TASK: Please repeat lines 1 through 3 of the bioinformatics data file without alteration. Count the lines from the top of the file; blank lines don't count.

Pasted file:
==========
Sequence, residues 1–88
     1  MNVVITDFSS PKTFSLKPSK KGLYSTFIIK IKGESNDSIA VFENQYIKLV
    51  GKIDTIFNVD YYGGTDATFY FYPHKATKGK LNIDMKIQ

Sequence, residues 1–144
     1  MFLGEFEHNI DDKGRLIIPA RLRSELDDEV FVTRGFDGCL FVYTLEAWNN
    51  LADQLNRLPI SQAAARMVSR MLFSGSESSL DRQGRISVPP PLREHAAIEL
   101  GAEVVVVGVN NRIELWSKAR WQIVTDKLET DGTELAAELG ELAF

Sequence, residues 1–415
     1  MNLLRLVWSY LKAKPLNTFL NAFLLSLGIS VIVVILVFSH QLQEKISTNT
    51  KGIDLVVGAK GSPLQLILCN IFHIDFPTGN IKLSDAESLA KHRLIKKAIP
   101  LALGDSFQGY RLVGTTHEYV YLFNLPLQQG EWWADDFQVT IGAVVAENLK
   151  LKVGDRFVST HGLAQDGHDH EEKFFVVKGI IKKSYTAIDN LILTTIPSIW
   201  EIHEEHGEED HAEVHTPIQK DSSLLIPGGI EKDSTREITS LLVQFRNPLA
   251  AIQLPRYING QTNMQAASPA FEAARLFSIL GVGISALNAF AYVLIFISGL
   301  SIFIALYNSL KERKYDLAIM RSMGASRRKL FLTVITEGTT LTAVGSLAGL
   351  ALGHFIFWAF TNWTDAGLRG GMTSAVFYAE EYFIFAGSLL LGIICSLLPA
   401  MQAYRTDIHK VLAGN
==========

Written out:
Sequence, residues 1–88
     1  MNVVITDFSS PKTFSLKPSK KGLYSTFIIK IKGESNDSIA VFENQYIKLV
    51  GKIDTIFNVD YYGGTDATFY FYPHKATKGK LNIDMKIQ